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Monday, March 5, 2012

Evil of Frankenstein

After a five year hiatus, Hammer Films released its third Frankenstein film: The Evil of Frankenstein (EoF). Somewhat in keeping with the previous film, (Revenge of…) which contained little recognizable revenge, EoF contains scant evil by the doctor. Peter Cushing stars again as the baron. The story line is not a continuation of that in RoF, but is instead a near-total rewrite. This prompts many Hammer fans to consider EoF the weakest of Hammer's series.

Quick Plot Synopsis
A scruffy man steals the body of a recently deceased young man from his ramshackle cabin. He is seen by a small girl. The man brings the body to another cabin, in which Victor and Hans have set up a rustic lab. However, a local priest traces the body theft to Victor's cabin. He smashes some of Victor's gear and leaves to get help. Victor and Hans pack up and leave. They ride back to Karlstaad, where Victor's chateau is. He planned to sell some of the furnishings and paintings to finance a new start, but the chateau is bare. In flashback, Victor tells how he created his first creature, which escaped and killed local sheep. Hunters found it, shot it, and it was lost in the Alps. The flashback ends. Victor and Hans go into town, mingling amid the carnival wearing masks. Victor sees the Burgomeister wearing his (Victor's) old ring and talks too loudly about him being a thief. They narrowly escape the police. A deaf-mute beggar girl leads them to a mountain cave for shelter. In the cave, Victor discovers his creature, frozen in glacial ice. They make a fire, thaw him out and sneak back into the chateau. They repair the gizmos and revive the creature. It lives, but in a coma. Needing a mental jolt, Victor enlists the aid of a sideshow hypnotist. Zoltan does revive the creature, but is the only one the creature will obey. Zoltan abuses this power, having the creature steal gold objects from the village church, then kill the Burgomeister and a policeman. Victor banishes Zoltan, but Zoltan sneaks back and orders the creature to kill Victor. The creature, conflicted, stabs Zoltan instead, and flees to the mountains. The police arrive and arrest Victor for all the murders. In town, the police and villagers finally believe it was the monster, not Victor, so they travel in the typical mob to the chateau. Victor escapes and beats them there. The creature suffers from headaches. The beggar girl offers him wine to soothe him. He likes it and gets drunk. When drunk, he drinks from a bottle that isn't wine. Angry and in pain, he wrecks the lab sparking a fire. Hans and the girl escape. Victor and the creature remain in the flames. The chateau tower blows up. The End.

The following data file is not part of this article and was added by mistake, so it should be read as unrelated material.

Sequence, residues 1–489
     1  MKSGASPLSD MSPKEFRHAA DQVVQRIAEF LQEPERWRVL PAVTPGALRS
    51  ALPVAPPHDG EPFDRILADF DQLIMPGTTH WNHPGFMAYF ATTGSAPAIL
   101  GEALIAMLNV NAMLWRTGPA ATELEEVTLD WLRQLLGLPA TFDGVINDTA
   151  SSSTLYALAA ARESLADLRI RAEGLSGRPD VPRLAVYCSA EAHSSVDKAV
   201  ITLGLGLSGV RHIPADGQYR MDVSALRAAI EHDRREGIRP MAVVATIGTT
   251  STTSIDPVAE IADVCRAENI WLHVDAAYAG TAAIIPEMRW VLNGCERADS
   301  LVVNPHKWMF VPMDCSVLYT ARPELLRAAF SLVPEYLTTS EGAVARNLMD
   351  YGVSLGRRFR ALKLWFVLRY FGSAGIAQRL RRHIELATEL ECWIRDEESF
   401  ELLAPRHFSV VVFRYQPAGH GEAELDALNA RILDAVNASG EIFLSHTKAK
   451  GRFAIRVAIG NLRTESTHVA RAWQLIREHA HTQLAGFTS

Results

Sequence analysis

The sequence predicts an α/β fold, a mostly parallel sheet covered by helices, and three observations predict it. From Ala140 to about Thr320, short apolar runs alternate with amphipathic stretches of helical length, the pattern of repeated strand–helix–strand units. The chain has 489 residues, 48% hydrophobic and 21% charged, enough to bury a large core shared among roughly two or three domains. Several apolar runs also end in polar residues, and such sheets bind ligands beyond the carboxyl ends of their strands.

Sci-fi Connections
There is the usual small amount of steampunk equipment and bio-medical stuff. Victor's lab is more "classic" because of the deal with Universal (see Notes below). The theme of science/research being harassed by society, has relevance even today. The notion of unscrupulous men abusing science for their own selfish agenda, is also relevant.

Saga Connection
Jimmy Sangster, who wrote the screenplay for the first two films, and Terrance Fisher, who direct both prior films, were not involved. As a result, the story line is almost completely unconnected to the prior one. Only the presence of Victor's assistant, Hans, is a carryover. Via flashback, the whole story is recast as if the first two films had not existed.

Universal Influence -- In the making of the prior two films, Hammer was careful to avoid similarities with Universal's story lines, characters or the look of their sets and costumes. In the late 50s, Hammer and Universal had a distribution agreement. Hammer also bought the rights to remake all of Universal's prior monster themes. EoF seems to showcase this now-legal ability to copy. The monster's make-up takes on the tall forehead, flat top and clomping big shoes of Jack Pierce's makeup. The monster is found encased in ice in a cave, thawed out and brought back to life, ala Frankenstein Meets The Wolf Man and House of Frankenstein. There is a schemer who uses the monster to commit crimes, ala Ygor in Son of…. There is the fire and explosion in the lab, at the end, destroying a tower of the castle, ala Bride of…. The homage (or cheap copying, depending on your point of view) of Universal sometimes puts off Hammer fans.

Mild Scientist -- Despite the title, Baron Frankenstein is the mildest he's been since Bride of…. Far from being evil, Victor is not-unjustly angry at the Burgomeister for stealing all his possessions. Victor still steals bodies, but isn't killing anyone for their parts, ala Curse of…. In fact, Victor is aghast that Zoltan used the monster to kill people. Victor seems genuinely worried about the village when the monster had escaped. At the end, it was Victor who assumed the monster's altruism at the end of Bride of…, telling Hans to take the beggar girl to safety. All in all, this was a very un-evil Frankenstein.

Sets Dejavu -- A sharp eyed viewer will notice reuse of Hammer sets in EoF. The lab set is the same (even if slightly redecorated) as in Revenge of…, and the same as Dracula's crypt. The village buildings should look familiar too.

Bottom line? EoF will well paced and entertaining enough on its own. Hammer fans may hold it in lower esteem, but Universal fans may enjoy the homage to the classics. Cushing, as always, is worth watching.

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